Is SEO dead (at least as we know it)?

in Marketing by Jonathan Crossfield
(7 Ratings)

For years, people have predicted the supposedly imminent demise of one of the most essential digital marketing techniques. Every time there's an update to Google's algorithm or a new digital marketing trend comes along, there are a flood of articles and blog posts announcing the death of SEO.1

The very fact that you are reading this proves that the art of search engine optimisation has survived all challenges. SEO is here to stay. Some methods may evolve and new techniques may emerge, but good digital marketing will always need strong search rankings and traffic.

Keep calm and carry on

Each update to a search engine algorithm attempts to make it harder for tricks and loopholes to game the system. It is these tricks and 'black hat' methods that die out, or at least struggle to achieve the same results after the change.

Tricks are eventually found out. They might be an attractive shortcut to social media glory with quick rewards, but they can turn your online marketing strategy into a house of cards, ready to collapse in a moment should the wind change. You might survive one update only to be completely wiped out with the next.

The Penguin and Panda updates saw some websites plummet down the Google search rankings, as the algorithm tightened up its ability to assess the quality of the content, backlinks and other indicators in its index.2 Websites offering quality content while adhering to Google's Webmaster Guidelines, however, may have seen little to no change to their rankings. Or, even a slight bump upwards.

If a marketer sees their search marketing strategy crumble due to a search engine update, they were probably focusing on the wrong areas anyway. True SEO starts and ends with quality content. There are no shortcuts.

SEO and social merge

For a long time digital marketing seemed to be split between two gangs – the search marketers on one side and the social media marketers on the other. More recently, a third gang has arrived on the scene: the content marketers.

In many ways, content marketing has brought the various disciplines together, uniting the different channels towards a common goal. But Google always saw these different silos as part of the same mix. Social media activity has had an influence on search rankings for many years.3 With as many as 74 per cent of Google searches performed by users logged into a Google profile, search results have become far more personalised.4

Social media has a major role to play in the personalisation of search results. So instead of viewing search and social as separate silos within your marketing strategy, view them as two sides of the same coin.

SEO best practice

No matter what changes, some search engine optimisation tasks are here to stay.

  • Always focus on producing the best possible content. Don't produce low-quality content just to target certain keywords.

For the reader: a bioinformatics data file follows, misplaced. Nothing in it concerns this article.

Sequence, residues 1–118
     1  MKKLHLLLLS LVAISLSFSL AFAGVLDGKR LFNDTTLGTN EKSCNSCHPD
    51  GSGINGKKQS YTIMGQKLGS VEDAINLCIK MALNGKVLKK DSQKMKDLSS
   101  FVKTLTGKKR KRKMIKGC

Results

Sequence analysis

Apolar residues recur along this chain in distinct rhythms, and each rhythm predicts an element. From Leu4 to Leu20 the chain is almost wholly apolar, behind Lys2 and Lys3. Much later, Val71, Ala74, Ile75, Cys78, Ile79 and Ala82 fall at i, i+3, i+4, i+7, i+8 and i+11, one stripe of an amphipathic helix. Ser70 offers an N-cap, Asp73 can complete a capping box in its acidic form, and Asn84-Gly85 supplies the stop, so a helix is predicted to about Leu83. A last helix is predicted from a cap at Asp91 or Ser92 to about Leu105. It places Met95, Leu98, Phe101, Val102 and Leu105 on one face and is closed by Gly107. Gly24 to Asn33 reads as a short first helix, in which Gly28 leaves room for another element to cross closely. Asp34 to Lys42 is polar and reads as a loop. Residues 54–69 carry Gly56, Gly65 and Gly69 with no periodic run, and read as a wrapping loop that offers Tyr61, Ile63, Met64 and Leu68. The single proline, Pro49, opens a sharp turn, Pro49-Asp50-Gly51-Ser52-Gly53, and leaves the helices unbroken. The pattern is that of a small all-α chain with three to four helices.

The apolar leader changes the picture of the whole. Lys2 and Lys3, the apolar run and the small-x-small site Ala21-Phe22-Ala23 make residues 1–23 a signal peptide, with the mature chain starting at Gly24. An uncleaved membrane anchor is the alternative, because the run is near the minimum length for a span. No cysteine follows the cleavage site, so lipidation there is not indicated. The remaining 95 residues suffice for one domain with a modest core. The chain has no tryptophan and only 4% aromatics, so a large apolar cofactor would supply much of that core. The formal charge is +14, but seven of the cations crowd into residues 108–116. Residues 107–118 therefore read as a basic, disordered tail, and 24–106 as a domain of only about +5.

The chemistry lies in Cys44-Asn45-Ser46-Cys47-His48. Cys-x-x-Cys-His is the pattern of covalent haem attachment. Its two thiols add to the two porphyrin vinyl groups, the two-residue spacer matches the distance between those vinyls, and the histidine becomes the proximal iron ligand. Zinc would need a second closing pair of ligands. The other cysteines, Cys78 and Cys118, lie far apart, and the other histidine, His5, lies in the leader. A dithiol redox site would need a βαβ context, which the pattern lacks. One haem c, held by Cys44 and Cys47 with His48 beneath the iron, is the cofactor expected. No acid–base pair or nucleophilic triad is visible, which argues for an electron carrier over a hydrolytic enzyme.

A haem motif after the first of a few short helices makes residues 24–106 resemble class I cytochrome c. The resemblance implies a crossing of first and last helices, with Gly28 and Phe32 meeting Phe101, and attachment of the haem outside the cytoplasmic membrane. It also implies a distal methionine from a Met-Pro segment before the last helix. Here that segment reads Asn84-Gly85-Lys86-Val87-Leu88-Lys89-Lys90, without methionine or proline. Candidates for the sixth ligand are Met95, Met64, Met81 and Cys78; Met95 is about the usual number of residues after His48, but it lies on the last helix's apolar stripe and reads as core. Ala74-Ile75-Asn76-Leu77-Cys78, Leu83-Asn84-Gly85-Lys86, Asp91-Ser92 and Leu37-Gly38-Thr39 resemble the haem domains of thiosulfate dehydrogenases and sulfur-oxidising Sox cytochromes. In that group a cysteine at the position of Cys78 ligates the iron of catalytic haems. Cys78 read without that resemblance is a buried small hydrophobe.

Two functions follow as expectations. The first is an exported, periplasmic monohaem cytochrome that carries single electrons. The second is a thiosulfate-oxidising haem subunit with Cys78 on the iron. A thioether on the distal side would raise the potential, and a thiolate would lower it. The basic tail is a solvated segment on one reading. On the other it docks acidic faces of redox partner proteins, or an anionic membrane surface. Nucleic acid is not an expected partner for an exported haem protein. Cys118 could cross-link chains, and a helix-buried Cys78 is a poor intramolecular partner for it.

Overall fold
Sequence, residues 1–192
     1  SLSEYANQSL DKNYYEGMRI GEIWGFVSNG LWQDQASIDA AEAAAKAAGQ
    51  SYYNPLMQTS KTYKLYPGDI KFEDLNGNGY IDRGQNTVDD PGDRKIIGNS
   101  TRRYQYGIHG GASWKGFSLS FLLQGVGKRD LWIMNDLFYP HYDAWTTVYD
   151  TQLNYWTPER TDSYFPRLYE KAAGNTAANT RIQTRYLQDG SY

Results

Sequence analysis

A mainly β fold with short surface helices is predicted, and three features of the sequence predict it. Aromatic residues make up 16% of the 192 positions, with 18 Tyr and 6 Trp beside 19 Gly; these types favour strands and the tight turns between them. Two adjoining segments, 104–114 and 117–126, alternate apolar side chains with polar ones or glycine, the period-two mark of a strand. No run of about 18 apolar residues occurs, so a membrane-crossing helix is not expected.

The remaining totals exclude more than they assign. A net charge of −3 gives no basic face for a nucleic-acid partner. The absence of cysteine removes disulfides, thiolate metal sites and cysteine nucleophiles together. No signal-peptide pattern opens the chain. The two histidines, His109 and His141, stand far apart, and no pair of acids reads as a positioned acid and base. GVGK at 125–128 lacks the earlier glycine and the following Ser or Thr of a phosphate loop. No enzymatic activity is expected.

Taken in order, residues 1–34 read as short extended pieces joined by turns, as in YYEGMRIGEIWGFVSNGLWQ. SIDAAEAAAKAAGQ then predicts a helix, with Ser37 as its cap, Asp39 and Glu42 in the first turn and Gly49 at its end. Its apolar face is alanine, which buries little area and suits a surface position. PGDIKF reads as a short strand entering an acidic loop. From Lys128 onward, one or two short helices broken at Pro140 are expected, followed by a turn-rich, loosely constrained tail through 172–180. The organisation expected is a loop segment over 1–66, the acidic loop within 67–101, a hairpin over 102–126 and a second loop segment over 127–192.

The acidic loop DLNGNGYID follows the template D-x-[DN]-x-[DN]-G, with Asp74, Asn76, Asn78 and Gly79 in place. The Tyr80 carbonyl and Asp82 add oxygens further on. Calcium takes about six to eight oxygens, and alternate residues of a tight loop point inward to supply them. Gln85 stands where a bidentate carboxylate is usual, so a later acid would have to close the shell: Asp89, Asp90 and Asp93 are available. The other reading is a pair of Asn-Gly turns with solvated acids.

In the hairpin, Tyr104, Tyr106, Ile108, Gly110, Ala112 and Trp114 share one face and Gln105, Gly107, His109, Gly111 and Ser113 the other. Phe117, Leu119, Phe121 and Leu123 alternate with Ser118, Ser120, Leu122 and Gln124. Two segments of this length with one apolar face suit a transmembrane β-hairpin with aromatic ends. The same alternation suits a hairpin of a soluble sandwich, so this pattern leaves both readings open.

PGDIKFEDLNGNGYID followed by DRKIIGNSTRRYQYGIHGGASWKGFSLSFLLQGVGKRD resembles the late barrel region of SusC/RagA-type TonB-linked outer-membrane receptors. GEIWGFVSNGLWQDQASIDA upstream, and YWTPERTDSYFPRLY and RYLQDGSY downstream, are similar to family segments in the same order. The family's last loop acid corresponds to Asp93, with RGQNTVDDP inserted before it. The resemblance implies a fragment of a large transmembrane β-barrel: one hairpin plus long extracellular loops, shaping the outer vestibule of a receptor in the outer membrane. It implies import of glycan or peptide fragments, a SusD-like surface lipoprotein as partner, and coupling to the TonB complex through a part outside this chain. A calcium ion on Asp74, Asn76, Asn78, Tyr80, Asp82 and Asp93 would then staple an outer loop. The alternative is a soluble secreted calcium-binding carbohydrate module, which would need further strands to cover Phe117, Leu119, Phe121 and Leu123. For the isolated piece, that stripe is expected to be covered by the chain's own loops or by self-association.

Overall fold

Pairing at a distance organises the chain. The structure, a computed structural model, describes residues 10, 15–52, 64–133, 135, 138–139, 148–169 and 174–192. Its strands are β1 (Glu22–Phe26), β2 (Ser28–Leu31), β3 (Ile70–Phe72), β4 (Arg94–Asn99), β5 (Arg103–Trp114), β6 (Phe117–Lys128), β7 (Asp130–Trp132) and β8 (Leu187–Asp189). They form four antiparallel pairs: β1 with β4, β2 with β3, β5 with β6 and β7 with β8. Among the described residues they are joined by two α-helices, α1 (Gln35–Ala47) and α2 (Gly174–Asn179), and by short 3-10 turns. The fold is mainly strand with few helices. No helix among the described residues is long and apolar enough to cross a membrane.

• Make sure the meta title and meta description of each page is written to look attractive, relevant and compelling, as these are what are displayed in the search results.

  • Take time to research the right keywords and match them to the right content and don't overuse them in your copy. Using the same keywords too many times (stuffing) can be just as bad as not using them at all.

  • Check that your CMS (Content Management System) formats URLs in a search-friendly format. Use descriptive URLs, ideally containing your top keyword, and not long chains of random characters.

  • Add regular fresh content. The more often you post new content, the more attention the search engines will give you.

  • Encourage natural backlinks with great content that others will want to share via social media or link from their websites. Never pay for backlinks.

SEO will never die as long as there are search engines to drive website traffic.

How has your search marketing strategy changed over the years?


1 SEO is here to stay, it will never die, Danny Sullivan, September 9, 2010

2 Google Panda two years later: losers still losing & one real recovery, Matt McGee, February 24, 2013

3 What social signals do Google and Bing really count?, Danny Sullivan, December 1, 2010

4 The impact of encrypted Google searches on online marketing, Marc Purtell, September 30, 2013

This article represents the views of the author only and not those of American Express.

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Jonathan Crossfield

Jonathan has worked within, and written about, the technology industry for many years. Before going freelance as a writer in 2012, Jonathan had worked for Netregistry (web hosting) and Ninefold (cloud computing). Jonathan has won awards for his articles on online business for Nett Magazine and his over-opinionated blog Atomik Soapbox. He continues to write for Chief Content Officer magazine.

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